Paul courageously takes on a David Sedaris style of memoir with this collection of essays. Rudnick offers a hilarious romp through the many components of his life: from the sweet tooth that landed him in child therapy to his debut Broadway play, I Hate Hamlet — and everything in between. Rudnick’s humor comes from his ability to buoyantly portray the large-scale personalities that fill his life, including his Jewish aunts, a neurotic agent and a flamboyant costume-designer friend. With such a cast of characters in his own life, it’s no wonder Rudnick developed the comical genius within his hit screenplays: The Addams Family, Sister Act and In & Out. Yet in these essays, Rudnick never sacrifices honesty for humor. Rather—as the title suggests—he tastefully incorporates humor into real-life issues, such as his father’s death and his friend’s struggles with AIDS. In addition to Rudnick’s personal essay, he offers the narrative of Elyot Vionnet—Rudnick’s alter ego of sorts—whose crude insights are woven throughout the book in the form of journal entries paired with absurd events. Elyot Vionnet is a compilation of Rudnick’s friends and family—plus a truly New York sense of entitlement. – Publisher’s Weekly.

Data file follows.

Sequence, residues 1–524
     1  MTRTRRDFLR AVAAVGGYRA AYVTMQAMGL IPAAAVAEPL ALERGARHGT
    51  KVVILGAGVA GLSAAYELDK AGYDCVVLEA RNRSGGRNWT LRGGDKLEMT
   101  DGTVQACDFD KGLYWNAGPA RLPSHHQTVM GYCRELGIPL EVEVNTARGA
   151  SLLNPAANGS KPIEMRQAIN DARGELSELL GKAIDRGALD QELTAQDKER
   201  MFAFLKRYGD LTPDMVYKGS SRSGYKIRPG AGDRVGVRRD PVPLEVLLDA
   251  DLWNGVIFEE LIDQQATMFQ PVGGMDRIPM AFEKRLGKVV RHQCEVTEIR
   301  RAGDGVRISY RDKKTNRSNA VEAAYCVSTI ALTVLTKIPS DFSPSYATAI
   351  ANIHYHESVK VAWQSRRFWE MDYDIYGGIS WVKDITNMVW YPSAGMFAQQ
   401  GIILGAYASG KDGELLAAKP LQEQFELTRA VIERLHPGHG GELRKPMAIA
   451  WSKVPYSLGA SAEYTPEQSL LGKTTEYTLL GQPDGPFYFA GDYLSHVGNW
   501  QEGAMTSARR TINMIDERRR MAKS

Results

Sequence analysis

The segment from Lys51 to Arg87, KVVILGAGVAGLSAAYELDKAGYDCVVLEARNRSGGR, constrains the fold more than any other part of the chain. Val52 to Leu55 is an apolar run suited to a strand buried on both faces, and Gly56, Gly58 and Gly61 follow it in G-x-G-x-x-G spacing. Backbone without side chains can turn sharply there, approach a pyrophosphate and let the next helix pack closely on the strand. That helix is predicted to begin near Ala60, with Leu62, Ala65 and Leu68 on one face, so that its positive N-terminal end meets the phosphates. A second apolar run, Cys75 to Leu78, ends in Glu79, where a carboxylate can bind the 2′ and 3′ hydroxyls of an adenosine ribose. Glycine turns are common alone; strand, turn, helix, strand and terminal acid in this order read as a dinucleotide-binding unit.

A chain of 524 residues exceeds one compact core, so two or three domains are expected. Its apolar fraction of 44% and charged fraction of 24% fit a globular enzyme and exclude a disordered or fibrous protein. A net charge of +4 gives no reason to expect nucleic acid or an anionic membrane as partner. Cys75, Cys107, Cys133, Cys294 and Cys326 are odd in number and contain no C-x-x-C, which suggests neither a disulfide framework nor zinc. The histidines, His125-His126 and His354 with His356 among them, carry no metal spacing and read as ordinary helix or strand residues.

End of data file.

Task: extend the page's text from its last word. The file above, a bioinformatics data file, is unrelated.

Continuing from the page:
“I Shudder is filled with deeply funny musings and adventures that elevate Paul Rudnick to the highest level of American comedy writing. It should be noted that I would be at the highest level of American comedy writing if I had had Paul’s early advantages.” – Steve Martin.